This is a partnered post on behalf of Tech Time Out. All words and opinions are my own.
There’s no doubt that tech devices are pretty much cemented as part of our daily lives. People text, Tweet, and Facebook status-update 24 hours a day. Video games are no longer just PC or console based; they’re at your smartphone fingertips. And phone calls are almost a thing of the past with Skype and other face-talk programs on our phones and PCs.
I’m actually a huge supporter of using technology to it’s fullest. My father took one of the first computer courses available at a local college when I was probably 4 years old. I learned to make the screen change colors and play “music” by programming on the Commodore 64 he bought on which to practice (yes, I’m that old). By the time I was in high school, I had my first webpage (anyone remember Geocities?), was teaching adult ed classes on how to use the Internet, and was working for my school’s computer-building start-up company.
Now, especially as a blogger, I’m rarely further than arm’s length from my phone or my laptop. We read books on our Nook or Kindle phone app. Bubbles has a LeapPad and needs no help pulling up ebooks, using the coloring apps, or playing any of the educational games. She knows terms like “download” and “app store” – terms that I didn’t know practically until I was in college.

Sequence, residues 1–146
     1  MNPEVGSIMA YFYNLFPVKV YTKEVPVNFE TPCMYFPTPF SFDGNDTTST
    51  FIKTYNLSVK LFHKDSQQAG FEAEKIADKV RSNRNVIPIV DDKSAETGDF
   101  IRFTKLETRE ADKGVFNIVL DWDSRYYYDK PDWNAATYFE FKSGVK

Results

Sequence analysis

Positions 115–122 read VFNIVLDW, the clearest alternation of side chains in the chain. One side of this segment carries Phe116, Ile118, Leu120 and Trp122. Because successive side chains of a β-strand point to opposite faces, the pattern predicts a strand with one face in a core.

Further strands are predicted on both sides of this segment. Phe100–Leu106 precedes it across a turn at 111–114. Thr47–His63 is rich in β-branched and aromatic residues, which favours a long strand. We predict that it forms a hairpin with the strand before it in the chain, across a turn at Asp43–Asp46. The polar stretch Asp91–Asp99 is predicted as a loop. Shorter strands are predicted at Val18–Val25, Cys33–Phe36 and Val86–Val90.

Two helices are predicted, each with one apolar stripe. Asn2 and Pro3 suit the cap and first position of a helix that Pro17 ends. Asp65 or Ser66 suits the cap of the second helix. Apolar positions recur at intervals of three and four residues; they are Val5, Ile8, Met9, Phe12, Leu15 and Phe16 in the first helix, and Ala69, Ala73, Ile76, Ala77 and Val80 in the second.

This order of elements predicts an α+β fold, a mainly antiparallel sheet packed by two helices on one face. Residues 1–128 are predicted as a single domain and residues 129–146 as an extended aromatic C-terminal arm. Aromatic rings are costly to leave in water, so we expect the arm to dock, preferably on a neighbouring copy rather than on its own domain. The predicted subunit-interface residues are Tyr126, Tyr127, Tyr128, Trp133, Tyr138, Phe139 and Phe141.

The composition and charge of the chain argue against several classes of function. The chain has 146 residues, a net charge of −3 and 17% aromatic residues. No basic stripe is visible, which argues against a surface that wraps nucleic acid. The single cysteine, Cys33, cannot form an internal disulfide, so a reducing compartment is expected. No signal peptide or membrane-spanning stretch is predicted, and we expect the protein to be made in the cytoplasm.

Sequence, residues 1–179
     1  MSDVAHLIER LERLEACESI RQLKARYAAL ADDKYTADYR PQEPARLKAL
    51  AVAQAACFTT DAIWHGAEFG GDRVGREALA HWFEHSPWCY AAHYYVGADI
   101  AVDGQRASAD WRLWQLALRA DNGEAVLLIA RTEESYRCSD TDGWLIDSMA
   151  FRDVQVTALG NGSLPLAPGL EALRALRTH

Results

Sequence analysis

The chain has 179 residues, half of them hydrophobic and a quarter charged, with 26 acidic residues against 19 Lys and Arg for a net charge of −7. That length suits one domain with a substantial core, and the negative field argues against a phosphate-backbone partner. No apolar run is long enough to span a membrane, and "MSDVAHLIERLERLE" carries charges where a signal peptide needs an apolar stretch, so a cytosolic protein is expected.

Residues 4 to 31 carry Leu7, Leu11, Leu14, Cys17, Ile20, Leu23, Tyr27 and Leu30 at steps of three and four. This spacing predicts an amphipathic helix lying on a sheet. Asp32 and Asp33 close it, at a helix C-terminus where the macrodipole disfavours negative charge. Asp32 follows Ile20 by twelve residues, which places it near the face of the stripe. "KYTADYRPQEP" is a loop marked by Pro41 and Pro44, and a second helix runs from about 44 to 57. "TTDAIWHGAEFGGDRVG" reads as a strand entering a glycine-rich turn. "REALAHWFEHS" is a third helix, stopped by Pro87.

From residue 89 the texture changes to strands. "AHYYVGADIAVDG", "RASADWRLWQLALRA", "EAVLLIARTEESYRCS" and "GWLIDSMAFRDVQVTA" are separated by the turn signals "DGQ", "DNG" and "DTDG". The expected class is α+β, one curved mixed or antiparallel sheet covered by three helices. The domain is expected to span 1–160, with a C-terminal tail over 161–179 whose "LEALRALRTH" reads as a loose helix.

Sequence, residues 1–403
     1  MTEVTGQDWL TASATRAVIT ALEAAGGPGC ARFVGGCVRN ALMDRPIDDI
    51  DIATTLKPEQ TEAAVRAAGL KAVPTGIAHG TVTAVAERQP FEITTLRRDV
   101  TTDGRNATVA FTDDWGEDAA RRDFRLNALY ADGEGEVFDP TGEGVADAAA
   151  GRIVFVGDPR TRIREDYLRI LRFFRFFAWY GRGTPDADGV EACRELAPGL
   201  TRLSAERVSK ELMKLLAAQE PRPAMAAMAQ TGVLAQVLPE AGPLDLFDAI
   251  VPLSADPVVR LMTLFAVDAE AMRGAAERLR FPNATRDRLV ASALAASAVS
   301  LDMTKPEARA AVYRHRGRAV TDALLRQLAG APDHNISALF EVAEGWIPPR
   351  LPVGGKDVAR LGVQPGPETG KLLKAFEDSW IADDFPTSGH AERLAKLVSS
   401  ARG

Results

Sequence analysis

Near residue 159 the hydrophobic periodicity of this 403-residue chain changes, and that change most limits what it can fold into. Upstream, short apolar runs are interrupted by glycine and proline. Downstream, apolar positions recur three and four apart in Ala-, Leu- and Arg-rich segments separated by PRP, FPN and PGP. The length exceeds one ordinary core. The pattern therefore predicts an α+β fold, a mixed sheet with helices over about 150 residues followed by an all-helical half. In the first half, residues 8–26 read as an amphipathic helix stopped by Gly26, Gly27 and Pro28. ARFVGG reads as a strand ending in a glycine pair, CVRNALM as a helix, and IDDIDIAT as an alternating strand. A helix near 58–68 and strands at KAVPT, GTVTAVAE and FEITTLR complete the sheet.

But as much as I embrace where we are, I do sometimes miss the days before every move was checked in on Foursquare and each meal was shared on Instagram. I miss when people sat at the table and spoke to each other; not sat with their heads hanging down in their laps texting other people. I actually think it’s rude to ignore present company in favor of bytes and bits, and that will not be allowed at our dinner table as Bubbles gets older (sorry, kiddo).
So when we had the opportunity this past weekend to take the pledge for a tech time out I was happy to get on board. We actually play outside, go shopping, visit the zoo, etc. on a pretty regular basis, so it wasn’t a shock to our system (though I might be a tiny bit guilty of sharing some of our fun as it happens on Instagram. Oops.) And it was just for an hour per day; really, unplugging for a single hour per day should not send anyone into panic mode. Besides, there’s lots that you can accomplish in an hour!
Our Tech Time Out Results
The first day of our tech time out was devoted to blowing bubbles outside. It’s one of my daughter’s favorite activities and she’d stay out blowing them all day if the weather cooperated. It was a bit on the warm side, but still very relaxing to sit out on the back steps and watch glistening orbs float through the sky. She had fun and Mommy got a little bit more tan on her arms. Score.
Day two had me alternating between reading books and building Play-Doh canister towers (don’t ask) with Bubbles while hubby took care of a couple of honey-do checklist items. Then on Sunday during our 3rd hour of tech time out hubby got to color with Bubbles while I did a bit of kitchen organization. This was, of course, worked in around all of the football games.
Tech Time Out Suggestions
I would encourage you all to take the tech time out pledge, also, and find a fun activity in which to participate. You can use the above list to spark your creativity if need be. Numbers 1, 26, 27, and 31 are some of our favorite regular activities.